If you're a Black person in my generation or older, you can bet your last money that you know who the man in that picture is. He's Don Cornelius, the former host of Soul Train, the show he created and guided to groundbreaking success in the early 70's. Soul Train, the longest running show in syndication, is still on today, but Don Cornelius is not. The familiar cartoon train is still there, but Don Cornelius is not. You still hear his unmistakable smooth voice at the beginning of the show, but since 1993, he's been missing in action. Even on the Soul Train awards and Lady of Soul Awards, we hear Don Cornelius but we don't see him. So I'm asking today: Where is Don Cornelius? Since I like starting trouble, I have a couple of conspiracy theories.
After Cornelius gave up hosting duties, Soul Train got numerous guest hosts, including Shemar Moore. Moore is no Don Cornelius. He tries so hard to be hip and cool that at times it was rather embarrassing. I know my sister is going to cut me for saying that, so don't tell her about this article. In addition to having a lesser series of hosts, Soul Train is also having bootleg problems. According to the Soul Train website, Black people (and y'all know who y'all are) have been selling bootleg Soul Train DVD's on the street, probably in front of the Beacon Theater in NYC. I can see it now...
Bootlegger: Yo! Look a bruva out! I got Soul Train DVD's and copies of Meet The Browns!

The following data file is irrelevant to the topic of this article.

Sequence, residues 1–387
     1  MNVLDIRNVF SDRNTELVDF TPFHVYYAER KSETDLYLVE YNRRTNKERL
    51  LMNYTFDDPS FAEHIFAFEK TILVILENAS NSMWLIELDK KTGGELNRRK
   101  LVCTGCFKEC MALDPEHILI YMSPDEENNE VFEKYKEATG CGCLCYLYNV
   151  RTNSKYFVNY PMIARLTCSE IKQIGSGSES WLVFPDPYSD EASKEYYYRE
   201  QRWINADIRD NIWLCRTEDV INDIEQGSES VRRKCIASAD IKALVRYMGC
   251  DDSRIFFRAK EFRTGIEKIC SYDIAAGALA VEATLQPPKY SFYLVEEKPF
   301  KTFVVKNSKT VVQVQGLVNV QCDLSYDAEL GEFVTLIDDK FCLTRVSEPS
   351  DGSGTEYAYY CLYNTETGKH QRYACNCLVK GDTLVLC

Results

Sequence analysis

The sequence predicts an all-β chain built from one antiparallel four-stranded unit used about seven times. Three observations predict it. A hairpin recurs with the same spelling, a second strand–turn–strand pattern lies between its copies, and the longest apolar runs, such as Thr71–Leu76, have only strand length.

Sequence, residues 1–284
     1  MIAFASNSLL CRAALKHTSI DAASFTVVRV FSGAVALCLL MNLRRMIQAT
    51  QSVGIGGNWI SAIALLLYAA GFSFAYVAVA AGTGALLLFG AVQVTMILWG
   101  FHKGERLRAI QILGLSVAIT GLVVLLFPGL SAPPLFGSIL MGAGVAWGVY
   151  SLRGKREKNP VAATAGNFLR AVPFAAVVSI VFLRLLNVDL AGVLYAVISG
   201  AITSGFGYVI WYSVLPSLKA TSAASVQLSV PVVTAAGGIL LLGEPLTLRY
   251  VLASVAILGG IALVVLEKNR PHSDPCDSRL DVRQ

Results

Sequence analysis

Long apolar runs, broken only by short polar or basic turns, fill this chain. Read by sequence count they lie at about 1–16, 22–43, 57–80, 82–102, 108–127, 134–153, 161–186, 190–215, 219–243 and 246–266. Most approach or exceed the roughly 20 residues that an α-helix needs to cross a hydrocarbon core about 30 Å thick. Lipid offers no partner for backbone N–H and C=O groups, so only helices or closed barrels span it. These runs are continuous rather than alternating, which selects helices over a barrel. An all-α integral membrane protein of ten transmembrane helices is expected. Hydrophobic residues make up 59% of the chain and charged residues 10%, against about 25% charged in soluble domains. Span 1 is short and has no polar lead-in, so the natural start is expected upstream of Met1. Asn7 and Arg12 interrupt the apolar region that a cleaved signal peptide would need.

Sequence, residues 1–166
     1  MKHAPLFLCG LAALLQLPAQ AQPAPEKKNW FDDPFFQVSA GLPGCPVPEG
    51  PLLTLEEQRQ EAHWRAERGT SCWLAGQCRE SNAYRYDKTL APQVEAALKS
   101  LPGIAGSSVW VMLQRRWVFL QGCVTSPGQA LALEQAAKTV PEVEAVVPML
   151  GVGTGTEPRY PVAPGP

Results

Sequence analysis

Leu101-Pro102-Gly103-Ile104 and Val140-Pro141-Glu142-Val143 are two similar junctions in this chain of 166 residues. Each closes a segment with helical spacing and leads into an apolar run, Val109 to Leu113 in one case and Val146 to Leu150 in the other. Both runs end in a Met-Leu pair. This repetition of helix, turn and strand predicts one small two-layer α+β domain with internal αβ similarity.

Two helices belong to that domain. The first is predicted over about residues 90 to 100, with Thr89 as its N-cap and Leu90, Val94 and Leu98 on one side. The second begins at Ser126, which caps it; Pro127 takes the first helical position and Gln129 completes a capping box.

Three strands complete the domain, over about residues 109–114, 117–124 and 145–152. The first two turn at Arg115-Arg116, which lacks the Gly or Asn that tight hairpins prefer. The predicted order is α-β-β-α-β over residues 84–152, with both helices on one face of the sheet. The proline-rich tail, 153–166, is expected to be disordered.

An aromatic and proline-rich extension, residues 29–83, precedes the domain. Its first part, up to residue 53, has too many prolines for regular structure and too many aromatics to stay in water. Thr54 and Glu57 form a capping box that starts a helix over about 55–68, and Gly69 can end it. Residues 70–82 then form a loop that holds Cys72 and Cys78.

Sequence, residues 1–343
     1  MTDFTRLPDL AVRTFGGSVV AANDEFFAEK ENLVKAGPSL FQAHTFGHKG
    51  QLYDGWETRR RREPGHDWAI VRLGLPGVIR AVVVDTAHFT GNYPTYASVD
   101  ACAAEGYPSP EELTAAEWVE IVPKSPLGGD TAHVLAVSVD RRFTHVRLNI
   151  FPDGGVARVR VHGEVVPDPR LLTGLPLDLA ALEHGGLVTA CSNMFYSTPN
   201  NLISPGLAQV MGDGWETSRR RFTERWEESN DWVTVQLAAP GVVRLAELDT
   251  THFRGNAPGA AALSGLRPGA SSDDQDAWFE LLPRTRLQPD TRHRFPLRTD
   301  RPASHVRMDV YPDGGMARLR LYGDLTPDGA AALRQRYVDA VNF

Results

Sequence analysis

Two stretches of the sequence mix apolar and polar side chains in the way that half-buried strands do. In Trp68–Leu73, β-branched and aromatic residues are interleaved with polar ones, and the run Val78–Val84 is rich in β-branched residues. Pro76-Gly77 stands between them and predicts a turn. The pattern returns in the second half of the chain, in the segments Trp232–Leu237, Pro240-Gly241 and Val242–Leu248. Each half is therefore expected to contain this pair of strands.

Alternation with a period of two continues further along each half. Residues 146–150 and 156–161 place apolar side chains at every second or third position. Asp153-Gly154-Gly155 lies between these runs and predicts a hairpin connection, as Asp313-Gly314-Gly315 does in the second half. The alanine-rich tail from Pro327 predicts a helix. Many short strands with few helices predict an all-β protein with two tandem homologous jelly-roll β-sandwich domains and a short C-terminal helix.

Lady with Weave(TM): Meet the Browns? That ain't even out yet!
Bootlegger: This is why I'm hot! I got stuff Tyler Perry didn't even write yet already on bootleg! You know you want it. Buy that Soul Train DVD!
Lady with Weave(TM): Aw'ight. (Pulling $5 out of her bra.)
Disembodied Voice: THE SOOOOOUUUUUUL TRAIN!!!
Bootlegger: What the hell was that?
Lady with Weave(TM): (Looks into camera and screams) Holy Shee-it!
(Cut to a TV screen)
Brenda Blackmon: Tonight on My Ghetto Nine News, a street vendor was run over today by dancing cartoon train...
Before Soul Train, dance shows on TV were like The Corny Collins Show. Black performers could come on and sing, but the dancers shaking their groove things in the audience were always White. One of the funniest clips I've ever seen is one of James Brown singing "Say It Loud" on some show (it may have been American Bandstand). The Godfather of Soul called "Say It Loud" and the dancing audience responded "I'm Black and I'm Proud!" The entire audience was White.
Don Cornelius changed that. He created a show and put dancing minorities on it. He even showcased them on the famous "Soul Train Line" where people would dance down the center of a group of people standing off to opposite sides. Cornelius was like a Black Ed Sullivan, putting talent on and then talking to them afterward. Like Ed, he seemed to have mobility problems. But no matter, Don Cornelius was smooth. With his weird microphone, his glasses and his 'Fro, he would step on the stage (which back in the day was shaped like a train) and talk to the people who just lip-synched their hit on the show. Soul Train was always lip-synched, and it still is today. Keyshia Cole was on recently, and the record skipped. They ran the episode anyway! That wouldn't have happened if Don Cornelius was hosting.